I have been attempting to make minestrone soup recently and I find that by the time I finish cooking it, the "liquid to bits" ratio is not particularly good and there is not enough liquid to really call the dish a soup.

Is it ok to reduce the cooking time? Or increase the amount of stock at the beginning? Or can you suggest another method of ensuring that at the end my soup has more liquid.

  • please provide your recipe and the details of your proceedure.
    – justkt
    Commented Nov 14, 2010 at 21:30

4 Answers 4


Are you "simmering" or "boiling" the soup?

When preparing soup, especially from stock, anything above a very slow simmer is going to reduce the soup, so you end up with something that's more concentrated but - obviously - also much thicker.

What you should be seeing is just a few bubbles escaping to the surface every minute or so. That's it - that's all it takes to cook. If you're seeing more bubbles than that, you've got the heat turned up too high and your liquid is evaporating.

  • Nice job solving the problem (potentially) instead of providing a band-aid like I did.
    – bikeboy389
    Commented Nov 14, 2010 at 23:42
  • You could also put a lid on the pot.
    – user2215
    Commented Nov 16, 2010 at 22:30
  • @user2215: You can indeed, but you have to use an even lower heat in that case, otherwise it will boil very quickly due to the trapped steam. I'd also recommend a heavy or tight-fitting lid, otherwise it'll wobble around and vent tiny amounts of steam that will condense again on your stove top, and you'll have a very messy cleanup job afterward.
    – Aaronut
    Commented Nov 16, 2010 at 23:31

Without knowing more, I'd say just add more of whatever cooking liquid you're using when you get near the end. The other liquid in the pot will be quite concentrated, so the extra liquid won't dilute things or make the soup seem weak. Give it enough simmering time that it gets cooked some and absorbs all that good flavor, and they it's soup. You might also consider just adding water, since that's all you've actually lost during the cooking process. The flavor part of stock doesn't much leave the pot, just the water. But if you're worried about diluting it, using stock instead of plain water is good insurance.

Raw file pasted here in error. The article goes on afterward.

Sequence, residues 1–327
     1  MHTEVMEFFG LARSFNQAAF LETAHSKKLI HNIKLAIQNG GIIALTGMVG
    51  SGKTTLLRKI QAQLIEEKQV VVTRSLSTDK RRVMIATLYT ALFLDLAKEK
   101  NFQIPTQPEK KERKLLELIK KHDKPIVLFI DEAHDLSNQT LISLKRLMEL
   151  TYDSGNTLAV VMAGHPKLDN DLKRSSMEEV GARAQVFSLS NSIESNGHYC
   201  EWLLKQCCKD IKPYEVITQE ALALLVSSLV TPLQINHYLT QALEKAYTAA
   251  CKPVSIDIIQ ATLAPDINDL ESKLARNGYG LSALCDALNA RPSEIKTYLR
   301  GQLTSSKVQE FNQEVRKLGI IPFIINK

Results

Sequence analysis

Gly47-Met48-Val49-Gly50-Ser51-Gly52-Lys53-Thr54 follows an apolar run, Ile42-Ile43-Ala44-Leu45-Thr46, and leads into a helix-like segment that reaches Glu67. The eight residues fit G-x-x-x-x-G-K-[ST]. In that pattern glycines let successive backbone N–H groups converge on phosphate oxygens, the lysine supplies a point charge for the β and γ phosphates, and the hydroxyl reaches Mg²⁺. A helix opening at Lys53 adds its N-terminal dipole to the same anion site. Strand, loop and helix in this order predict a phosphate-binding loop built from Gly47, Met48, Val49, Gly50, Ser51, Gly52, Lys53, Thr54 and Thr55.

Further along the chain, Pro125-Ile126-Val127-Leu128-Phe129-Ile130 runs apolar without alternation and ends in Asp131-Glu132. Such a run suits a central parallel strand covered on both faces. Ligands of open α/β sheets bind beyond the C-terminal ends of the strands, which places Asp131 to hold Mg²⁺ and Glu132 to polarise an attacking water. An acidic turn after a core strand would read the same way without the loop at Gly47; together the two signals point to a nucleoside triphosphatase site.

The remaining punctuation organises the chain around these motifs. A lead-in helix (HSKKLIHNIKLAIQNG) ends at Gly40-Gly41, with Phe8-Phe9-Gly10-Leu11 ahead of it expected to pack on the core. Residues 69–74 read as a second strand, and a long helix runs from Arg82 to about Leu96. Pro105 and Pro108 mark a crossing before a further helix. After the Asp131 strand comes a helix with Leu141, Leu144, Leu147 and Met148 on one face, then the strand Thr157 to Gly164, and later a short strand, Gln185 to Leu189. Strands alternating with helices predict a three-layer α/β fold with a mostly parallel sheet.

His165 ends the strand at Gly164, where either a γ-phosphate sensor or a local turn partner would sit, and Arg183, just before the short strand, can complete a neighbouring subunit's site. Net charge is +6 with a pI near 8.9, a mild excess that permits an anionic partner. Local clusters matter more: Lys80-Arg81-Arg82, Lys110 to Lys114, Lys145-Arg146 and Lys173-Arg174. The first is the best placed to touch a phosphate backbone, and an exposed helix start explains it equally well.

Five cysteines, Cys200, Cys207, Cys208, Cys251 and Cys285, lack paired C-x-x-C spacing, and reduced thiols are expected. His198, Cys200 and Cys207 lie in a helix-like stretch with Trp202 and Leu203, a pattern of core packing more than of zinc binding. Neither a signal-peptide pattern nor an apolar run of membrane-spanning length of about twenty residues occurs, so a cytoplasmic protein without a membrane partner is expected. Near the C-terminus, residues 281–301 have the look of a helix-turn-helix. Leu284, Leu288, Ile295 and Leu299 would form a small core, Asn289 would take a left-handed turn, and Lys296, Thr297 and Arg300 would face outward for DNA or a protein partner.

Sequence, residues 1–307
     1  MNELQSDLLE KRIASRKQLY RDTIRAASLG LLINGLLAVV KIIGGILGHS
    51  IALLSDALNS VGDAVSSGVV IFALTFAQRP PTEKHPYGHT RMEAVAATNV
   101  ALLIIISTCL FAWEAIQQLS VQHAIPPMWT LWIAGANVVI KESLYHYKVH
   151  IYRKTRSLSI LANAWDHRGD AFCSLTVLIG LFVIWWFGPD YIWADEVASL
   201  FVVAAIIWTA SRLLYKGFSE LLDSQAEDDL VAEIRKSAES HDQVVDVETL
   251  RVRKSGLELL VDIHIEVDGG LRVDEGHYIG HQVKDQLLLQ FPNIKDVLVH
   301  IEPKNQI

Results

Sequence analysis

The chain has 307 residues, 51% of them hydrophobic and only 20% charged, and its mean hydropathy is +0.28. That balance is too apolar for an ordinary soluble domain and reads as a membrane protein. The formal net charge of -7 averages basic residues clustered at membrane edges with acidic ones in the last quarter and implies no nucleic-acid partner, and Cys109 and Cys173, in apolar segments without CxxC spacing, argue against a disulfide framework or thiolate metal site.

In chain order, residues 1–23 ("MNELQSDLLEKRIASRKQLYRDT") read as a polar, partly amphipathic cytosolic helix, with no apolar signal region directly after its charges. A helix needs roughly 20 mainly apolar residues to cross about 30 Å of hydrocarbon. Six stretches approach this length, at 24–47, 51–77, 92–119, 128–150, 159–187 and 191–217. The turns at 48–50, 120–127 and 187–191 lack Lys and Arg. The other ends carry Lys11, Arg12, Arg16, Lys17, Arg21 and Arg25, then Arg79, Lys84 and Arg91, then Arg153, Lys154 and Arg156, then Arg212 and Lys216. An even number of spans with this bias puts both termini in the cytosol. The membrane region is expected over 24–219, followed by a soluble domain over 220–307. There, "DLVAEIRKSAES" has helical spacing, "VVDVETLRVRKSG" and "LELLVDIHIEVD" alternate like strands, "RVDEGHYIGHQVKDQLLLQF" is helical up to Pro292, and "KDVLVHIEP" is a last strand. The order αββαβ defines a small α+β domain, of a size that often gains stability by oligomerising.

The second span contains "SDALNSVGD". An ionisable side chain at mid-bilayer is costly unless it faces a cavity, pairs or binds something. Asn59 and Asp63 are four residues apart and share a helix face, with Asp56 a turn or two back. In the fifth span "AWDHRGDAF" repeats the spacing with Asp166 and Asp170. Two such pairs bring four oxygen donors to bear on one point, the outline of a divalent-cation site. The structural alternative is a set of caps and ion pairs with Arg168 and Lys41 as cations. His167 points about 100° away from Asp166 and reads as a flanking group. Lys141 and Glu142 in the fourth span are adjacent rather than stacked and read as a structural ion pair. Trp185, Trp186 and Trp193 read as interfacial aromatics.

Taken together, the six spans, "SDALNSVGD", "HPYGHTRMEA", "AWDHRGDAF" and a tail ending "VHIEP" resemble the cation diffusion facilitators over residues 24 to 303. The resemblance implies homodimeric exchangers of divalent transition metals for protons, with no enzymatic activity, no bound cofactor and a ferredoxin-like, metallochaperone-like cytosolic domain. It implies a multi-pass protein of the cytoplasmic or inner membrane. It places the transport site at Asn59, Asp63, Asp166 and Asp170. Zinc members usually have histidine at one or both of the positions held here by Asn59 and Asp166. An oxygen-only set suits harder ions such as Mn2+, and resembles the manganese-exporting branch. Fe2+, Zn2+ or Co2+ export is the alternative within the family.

If your recipe doesn't call for it already, you can also try par-cooking any absorbent foods (beans, pasta) separately and add them in later in the process. This way they don't absorb so much of your cooking liquid. But they don't absorb all that nice flavor as much either. I'd look at this as a last resort if simply adding liquid late isn't getting it for you.


That sounds about right - many italian soups are supposed to be thick like that. Some are more like stews, or a a slightly damp salad! Of course if you want something 'soupier' or a little lighter, just add some more chicken or vegetable stock. If you just want to loosen it up a bit though, add a good splash of good extra virgin olive oil to your bowl (The best use ever for the good stuff, warming it through brings out the flavour - btw you don't want your minestone piping hot for the best flavour)


Whenever you are boiling something, you need to consider why you are boiling it.

The commonest and most obvious reason is to hold the stuff that's floating around in there at around 100 degrees centigrade, causing them to cook.

Another reason is to drive out water as steam, making the dish thicker and the flavour more concentrated. This is called reducing.

Which of those you're doing, dictates how you go about it. If your intention is to reduce, then you'll want the soup at a rolling boil, because every bubble represents some water being driven out. Cook on full heat, and watch carefully. It doesn't take long to lose a lot of water this way -- and eventually it will dry out so much that it sticks to the pan. And it will fill your kitchen with steam. There will be condensation rolling down the windows on a cold day.

If you don't intend to reduce, then any bubbles you see represent a waste of energy, and you don't want to lose water from your soup as steam. So get it boiling, then turn the heat right down, and put a lid on so that steam is caught in the lid and drips back into the soup. You want some very gentle bubbling, just to reassure you that the soup's at around boiling temperature.

With experience, you'll be able to get a low simmer easily.

It might be worth investing in an electric slow cooker; simmering stuff gently is what they do best, and they're really cheap now.

Two other things that might thicken up your soup:

  • Dry ingredients absorbing water -- e.g. pasta or lentils. You just need to add enough liquid to hydrate these ingredients.
  • Thickening agents such as flour -- either use less/no flour, or add liquid to compensate.

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